2. David Cutcliffe, former Duke coach: Yes, Cut has retired. But would he really turn down an opportunity to win on the big stage at Alabama?

3. Nick Rolovich, former Washington State coach: Imagine Rolovich taking the current Alabama system, and adding principles of the June Jones Run and Shoot. Fascinating (ask Auburn about those vaccine mandates).

4. Warren Ruggiero, Wake Forest OC: Architect of an RPO-based offense that has put up huge numbers, Ruggiero has turned down multiple offers at more high-profile OC jobs.

5. Phil Longo, North Carolina OC: Has coached and recruited in the SEC (Ole Miss), and developed Sam Howell and the explosive UNC offense for the past 3 seasons.

6. Your tape is your résumé

An NFL scout breaks down a draft-eligible SEC player. This week: Kentucky OT Darian Kinnard.

“I absolutely love him. He can be an All-Pro at either guard or tackle. The way he can use his hands, his strong base, and his ability to punish guys and extend, he’s going to play outside. He’s just one of those guys that mauls you. A tough guy. And he’s an athlete. I don’t want you to think he’s just this big strong guy. He can move, he has great bend and knows how to leverage. You watch him on tape, and he punishes. He enjoys what he’s doing, and runs to the next play, wanting more. I love offensive linemen like that.”

7. Powered Up

This week’s Power Poll, and one big thing: biggest loss to replace in 2022.

1. Alabama: WRs Jameson Williams and John Metchie III. Have you seen the young receivers on the roster? Iffy.

2. Georgia: The core foundation of the best defense in CFB the past 2 seasons: LBs Nakobe Dean and Nolan Smith, DT Jordan Davis, DE Adam Anderson.

3. Ole Miss: In the past 2 seasons, Ole Miss ran 1,726 plays. QB Matt Corral threw or ran the ball on 953 plays and accounted for 64 touchdowns.

4. Arkansas: WR Treylon Burkes: 66 catches, 11 TD. The other 4 Hogs WRs: 70 catches, 5 TD.

5. Texas A&M: DC Mike Elko. Aggies defense has been way underrated the past 2 seasons, when Fisher developed a team that could beat anyone.

6. Mississippi State: OT Charles Cross will be a top 10 pick in the NFL Draft, and was a stud protecting the blindside of star QB Will Rogers.

7. Kentucky: Three of 5 starters on an offensive line that has fueled the Wildcats’ rise.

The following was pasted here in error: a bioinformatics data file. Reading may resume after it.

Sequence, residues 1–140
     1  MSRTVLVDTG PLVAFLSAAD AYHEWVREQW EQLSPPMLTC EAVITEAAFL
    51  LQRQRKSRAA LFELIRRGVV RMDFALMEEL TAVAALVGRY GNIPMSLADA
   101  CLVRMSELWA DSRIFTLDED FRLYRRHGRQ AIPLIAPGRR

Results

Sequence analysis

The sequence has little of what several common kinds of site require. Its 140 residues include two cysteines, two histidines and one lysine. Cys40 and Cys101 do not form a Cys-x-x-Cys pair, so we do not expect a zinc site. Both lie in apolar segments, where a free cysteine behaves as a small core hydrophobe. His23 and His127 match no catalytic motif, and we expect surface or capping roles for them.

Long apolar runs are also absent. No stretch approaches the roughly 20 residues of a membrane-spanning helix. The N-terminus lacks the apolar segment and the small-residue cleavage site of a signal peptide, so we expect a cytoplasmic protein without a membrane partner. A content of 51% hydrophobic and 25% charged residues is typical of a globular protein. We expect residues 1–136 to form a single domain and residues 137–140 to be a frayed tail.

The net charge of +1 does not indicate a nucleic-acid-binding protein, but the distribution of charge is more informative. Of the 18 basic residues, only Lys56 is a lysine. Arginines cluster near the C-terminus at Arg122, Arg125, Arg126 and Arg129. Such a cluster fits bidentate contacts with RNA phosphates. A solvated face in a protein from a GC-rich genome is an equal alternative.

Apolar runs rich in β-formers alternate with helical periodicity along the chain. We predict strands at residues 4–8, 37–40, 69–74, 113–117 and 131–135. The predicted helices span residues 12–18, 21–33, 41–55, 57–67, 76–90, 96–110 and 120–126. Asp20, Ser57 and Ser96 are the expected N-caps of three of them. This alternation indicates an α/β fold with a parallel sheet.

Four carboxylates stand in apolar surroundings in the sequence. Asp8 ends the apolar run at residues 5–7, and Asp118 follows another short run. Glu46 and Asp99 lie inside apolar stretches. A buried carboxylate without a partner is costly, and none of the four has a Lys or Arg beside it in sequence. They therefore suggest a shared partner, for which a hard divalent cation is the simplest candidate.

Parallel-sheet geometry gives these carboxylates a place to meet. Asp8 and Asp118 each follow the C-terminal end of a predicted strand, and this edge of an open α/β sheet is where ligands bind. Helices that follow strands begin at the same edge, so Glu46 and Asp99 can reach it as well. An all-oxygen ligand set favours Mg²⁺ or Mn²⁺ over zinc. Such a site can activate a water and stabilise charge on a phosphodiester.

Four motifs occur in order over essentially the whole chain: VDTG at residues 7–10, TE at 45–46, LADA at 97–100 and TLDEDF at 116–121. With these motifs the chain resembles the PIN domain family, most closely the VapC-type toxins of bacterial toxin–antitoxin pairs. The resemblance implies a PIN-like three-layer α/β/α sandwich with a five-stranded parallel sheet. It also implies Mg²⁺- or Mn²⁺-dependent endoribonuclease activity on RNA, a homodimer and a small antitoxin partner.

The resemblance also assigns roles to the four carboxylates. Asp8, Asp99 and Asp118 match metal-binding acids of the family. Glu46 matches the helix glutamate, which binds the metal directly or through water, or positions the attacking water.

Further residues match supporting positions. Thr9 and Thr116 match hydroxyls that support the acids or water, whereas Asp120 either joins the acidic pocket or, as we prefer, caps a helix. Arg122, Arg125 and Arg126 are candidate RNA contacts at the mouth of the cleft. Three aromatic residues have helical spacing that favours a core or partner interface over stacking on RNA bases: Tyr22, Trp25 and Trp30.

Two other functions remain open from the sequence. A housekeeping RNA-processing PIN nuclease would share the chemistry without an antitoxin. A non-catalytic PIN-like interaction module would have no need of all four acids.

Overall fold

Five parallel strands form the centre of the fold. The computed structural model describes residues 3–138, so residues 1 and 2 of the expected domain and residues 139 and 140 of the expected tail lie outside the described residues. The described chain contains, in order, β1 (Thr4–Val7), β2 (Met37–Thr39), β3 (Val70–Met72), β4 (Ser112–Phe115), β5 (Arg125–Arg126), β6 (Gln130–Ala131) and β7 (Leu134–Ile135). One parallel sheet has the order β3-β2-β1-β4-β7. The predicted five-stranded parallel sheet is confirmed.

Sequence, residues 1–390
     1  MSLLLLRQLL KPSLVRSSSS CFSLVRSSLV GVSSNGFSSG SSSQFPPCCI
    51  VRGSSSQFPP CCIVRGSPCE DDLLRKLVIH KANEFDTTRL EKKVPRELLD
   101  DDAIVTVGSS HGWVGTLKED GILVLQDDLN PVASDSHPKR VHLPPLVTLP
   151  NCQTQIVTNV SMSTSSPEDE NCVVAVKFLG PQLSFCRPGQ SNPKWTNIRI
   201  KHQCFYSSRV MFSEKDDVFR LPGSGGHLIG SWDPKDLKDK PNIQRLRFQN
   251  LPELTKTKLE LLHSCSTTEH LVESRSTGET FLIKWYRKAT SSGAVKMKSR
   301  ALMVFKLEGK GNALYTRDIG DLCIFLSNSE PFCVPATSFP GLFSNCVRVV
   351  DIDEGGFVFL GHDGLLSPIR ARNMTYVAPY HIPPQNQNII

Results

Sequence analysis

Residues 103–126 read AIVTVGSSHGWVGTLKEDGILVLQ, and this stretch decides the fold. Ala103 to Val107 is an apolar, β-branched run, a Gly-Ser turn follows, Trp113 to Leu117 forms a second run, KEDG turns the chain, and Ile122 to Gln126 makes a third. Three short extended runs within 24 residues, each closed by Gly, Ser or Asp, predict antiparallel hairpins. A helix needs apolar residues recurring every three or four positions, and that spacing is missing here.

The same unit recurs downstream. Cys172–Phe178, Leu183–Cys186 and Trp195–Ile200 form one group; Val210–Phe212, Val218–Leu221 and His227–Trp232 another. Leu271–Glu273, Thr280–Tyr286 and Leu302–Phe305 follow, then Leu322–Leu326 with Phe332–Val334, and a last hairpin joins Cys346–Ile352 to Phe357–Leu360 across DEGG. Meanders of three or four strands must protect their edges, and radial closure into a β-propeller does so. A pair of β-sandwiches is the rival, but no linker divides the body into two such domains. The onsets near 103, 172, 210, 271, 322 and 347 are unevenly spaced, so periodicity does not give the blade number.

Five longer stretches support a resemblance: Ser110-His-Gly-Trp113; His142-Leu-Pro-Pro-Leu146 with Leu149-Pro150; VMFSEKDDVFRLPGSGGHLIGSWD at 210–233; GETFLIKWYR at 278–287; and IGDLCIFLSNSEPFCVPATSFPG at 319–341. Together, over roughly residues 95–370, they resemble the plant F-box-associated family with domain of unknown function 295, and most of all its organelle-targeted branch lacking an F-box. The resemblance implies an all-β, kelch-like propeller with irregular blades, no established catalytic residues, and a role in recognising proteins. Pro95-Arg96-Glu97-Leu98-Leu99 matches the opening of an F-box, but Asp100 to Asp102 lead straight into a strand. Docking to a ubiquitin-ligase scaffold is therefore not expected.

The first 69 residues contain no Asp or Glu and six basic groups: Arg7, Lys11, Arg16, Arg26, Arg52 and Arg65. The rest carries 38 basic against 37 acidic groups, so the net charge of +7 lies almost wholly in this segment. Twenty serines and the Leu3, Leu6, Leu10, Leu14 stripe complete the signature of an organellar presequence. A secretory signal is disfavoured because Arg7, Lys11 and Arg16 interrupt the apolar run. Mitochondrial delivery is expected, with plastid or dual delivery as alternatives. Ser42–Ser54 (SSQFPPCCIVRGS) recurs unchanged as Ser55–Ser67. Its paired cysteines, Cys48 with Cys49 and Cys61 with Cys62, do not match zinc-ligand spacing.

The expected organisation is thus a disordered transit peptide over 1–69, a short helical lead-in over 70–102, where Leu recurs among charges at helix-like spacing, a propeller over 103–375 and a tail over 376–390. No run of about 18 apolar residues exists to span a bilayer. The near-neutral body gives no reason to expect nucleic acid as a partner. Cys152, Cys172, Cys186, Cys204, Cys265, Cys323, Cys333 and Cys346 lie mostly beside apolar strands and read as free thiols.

8. Tennessee: G Cade Mays. A terrific player, but a better teammate and leader coach Josh Heupel needs for 2022.

9. Auburn: A lockdown CB (Roger McCreary) and a hard-hitting safety (Smoke Monday), and an overall presence in the secondary.

10. LSU: CB Derek Stingley Jr. To be fair, Stingley hasn’t been the same since his freshman season, but neither has the LSU secondary.

11. Missouri: The offense revolved around TB Tyler Badie, whose explosiveness and availability (he played injured) was wildly undervalued the past 2 seasons.

12. South Carolina: Gamecocks don’t have a force off the edge and a player offenses have to game plan around like DE Kingsley Enagbare.

13. Florida: CB Kaiir Elam was caught up in the subpar play by the defense, and his lockdown ability was lost in the mire of mediocrity.

14. Vanderbilt: CB Allan George was good enough to earn All-SEC honors. He didn’t. The Vandy secondary will take a significant coverage hit in 2022.

8. Ask and you shall receive

Matt: What’s the most important thing Billy Napier needs to fix to get the Gators competing for the SEC Championship again? — Tracy Yavos, Chicago.

Tracy:

It’s the quarterback position. Other than the 2 seasons with Kyle Trask, the position has been full of poor or uneven play, drama and/or poor coaching since Tim Tebow graduated in 2009.

This will all be on Napier, who will call plays and coach the quarterbacks. He will be the reason if uber-talented but oft-injured Anthony Richardson develops.

Emory Jones said he will enter the transfer portal after the bowl game, and that leaves the Gators with 3 options at the position: Richardson (see: injury history), and freshmen Carlos Del Rio-Wilson and Jalen Kitna.

Don’t be surprised if Napier adds a quarterback from the transfer portal, probably one with starter experience. Because of Richardson’s history of injuries, Napier can’t go into the 2022 season with two untested quarterbacks behind Richardson.

9. Numbers

168.3 Cincinnati, Alabama’s opponent in the Cotton Bowl CFP semifinal, is No. 2 in the nation in pass defense, giving up just 168.3 yards per game – with a TD/INT ratio of 10/18 and opposing quarterbacks completing just 53% of their passes.

Houston was the best pass offense Cincinnati faced all season, and the Bearcats gave up 250 yards and 2 TDs (1 INT) to QB Clayton Tune.

10. Quote to note

Texas A&M coach Jimbo Fisher: “You live in vision, or you live in circumstance. We’re living in vision. We see it, and I think it’s right there. Now we just have to finish it.”